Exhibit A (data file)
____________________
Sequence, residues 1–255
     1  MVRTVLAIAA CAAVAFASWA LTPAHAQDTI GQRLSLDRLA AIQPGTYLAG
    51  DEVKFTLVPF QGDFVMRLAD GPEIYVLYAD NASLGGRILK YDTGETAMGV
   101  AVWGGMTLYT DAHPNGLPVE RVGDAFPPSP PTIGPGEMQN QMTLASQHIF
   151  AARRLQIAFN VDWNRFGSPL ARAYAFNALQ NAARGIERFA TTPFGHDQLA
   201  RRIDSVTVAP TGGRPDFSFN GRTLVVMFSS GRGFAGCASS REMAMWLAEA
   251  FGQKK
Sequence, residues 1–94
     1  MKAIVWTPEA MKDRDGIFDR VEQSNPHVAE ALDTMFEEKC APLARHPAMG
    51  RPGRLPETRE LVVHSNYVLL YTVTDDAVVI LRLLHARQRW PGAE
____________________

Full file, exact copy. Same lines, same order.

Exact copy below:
Sequence, residues 1–255
     1  MVRTVLAIAA CAAVAFASWA LTPAHAQDTI GQRLSLDRLA AIQPGTYLAG
    51  DEVKFTLVPF QGDFVMRLAD GPEIYVLYAD NASLGGRILK YDTGETAMGV
   101  AVWGGMTLYT DAHPNGLPVE RVGDAFPPSP PTIGPGEMQN QMTLASQHIF
   151  AARRLQIAFN VDWNRFGSPL ARAYAFNALQ NAARGIERFA TTPFGHDQLA
   201  RRIDSVTVAP TGGRPDFSFN GRTLVVMFSS GRGFAGCASS REMAMWLAEA
   251  FGQKK
Sequence, residues 1–94
     1  MKAIVWTPEA MKDRDGIFDR VEQSNPHVAE ALDTMFEEKC APLARHPAMG
    51  RPGRLPETRE LVVHSNYVLL YTVTDDAVVI LRLLHARQRW PGAE